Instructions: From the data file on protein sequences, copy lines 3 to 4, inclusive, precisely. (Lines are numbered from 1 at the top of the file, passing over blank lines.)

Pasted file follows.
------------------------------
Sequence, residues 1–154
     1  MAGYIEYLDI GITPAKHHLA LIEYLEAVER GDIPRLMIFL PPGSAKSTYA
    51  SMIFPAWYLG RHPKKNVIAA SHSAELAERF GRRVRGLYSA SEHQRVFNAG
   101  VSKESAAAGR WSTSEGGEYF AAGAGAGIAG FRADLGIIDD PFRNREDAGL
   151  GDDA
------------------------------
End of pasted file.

    51  SMIFPAWYLG RHPKKNVIAA SHSAELAERF GRRVRGLYSA SEHQRVFNAG
   101  VSKESAAAGR WSTSEGGEYF AAGAGAGIAG FRADLGIIDD PFRNREDAGL